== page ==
French arts workers on Friday extended a strike notice to the end of July, threatening a famed theatre festival in Avignon that draws tens of thousands of spectators.
The CGT-Spectacle union also called for a "massive strike" on July 4, the opening day of the Avignon festival, arguably the biggest event of its kind in the country.
Under French law, some 250,000 workers in the film, theatre, television and festival industry benefit from a system that compensates them for periods when they do not work, in a bid to address the job insecurity they face.
But many are unhappy with a deal reached between some unions, employers and the government in March to try to save money on this loss-making welfare regime. The agreement would increase their payroll taxes, among other changes.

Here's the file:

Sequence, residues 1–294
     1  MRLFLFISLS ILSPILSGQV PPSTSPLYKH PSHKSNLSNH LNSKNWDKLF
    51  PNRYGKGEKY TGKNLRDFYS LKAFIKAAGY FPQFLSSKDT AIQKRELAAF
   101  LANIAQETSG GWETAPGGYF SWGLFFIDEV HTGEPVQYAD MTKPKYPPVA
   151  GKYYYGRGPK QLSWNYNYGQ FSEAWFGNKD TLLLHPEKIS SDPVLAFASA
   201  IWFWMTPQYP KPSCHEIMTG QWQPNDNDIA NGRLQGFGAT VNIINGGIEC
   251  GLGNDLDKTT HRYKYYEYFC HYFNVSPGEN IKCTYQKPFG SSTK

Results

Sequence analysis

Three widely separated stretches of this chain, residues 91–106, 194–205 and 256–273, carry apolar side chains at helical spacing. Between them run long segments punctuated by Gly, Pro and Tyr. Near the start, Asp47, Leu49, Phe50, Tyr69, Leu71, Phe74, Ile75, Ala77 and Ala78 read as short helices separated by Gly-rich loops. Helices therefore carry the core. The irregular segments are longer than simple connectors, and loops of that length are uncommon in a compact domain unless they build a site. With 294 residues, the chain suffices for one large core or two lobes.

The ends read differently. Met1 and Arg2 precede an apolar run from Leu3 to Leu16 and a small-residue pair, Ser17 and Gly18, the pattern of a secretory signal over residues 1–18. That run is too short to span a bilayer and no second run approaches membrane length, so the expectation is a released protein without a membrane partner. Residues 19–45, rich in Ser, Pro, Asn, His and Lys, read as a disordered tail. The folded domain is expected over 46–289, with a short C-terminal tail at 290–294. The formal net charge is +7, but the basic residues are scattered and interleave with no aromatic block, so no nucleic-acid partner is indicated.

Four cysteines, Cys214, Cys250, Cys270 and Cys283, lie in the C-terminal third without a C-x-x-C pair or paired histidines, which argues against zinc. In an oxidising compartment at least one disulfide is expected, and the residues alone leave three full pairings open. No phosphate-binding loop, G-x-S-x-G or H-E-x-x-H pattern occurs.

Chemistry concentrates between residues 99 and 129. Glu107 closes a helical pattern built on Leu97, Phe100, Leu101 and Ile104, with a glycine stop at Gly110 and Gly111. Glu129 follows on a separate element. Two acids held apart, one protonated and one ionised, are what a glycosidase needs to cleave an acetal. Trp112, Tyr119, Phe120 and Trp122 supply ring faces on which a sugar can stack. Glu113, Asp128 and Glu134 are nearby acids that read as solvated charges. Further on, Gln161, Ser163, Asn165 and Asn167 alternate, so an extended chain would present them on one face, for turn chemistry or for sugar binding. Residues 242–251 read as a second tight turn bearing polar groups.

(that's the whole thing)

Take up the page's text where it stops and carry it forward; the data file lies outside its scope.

They had issued a strike notice until June 30 and on Friday extended the notice to the end of July.
Prime Minister Manuel Valls said Thursday the state would foot the difference in the payments scheme until a final agreement was reached.
But the temporary concession failed to placate irate workers.
"If the government does not heed our demands with a fair and long-term plan that takes our proposals into account, the summer will not pass off normally!" a union statement warned.
The strike notice has already led to the cancellation of the Latin American Rio Loco festival in the southwestern city of Toulouse and hit events in Paris and elsewhere.
The last reform of this special welfare system in 2003 caused huge disruptions to the summer's festival season, forcing the cancellation of the Avignon event for the first time since its founding in 1947.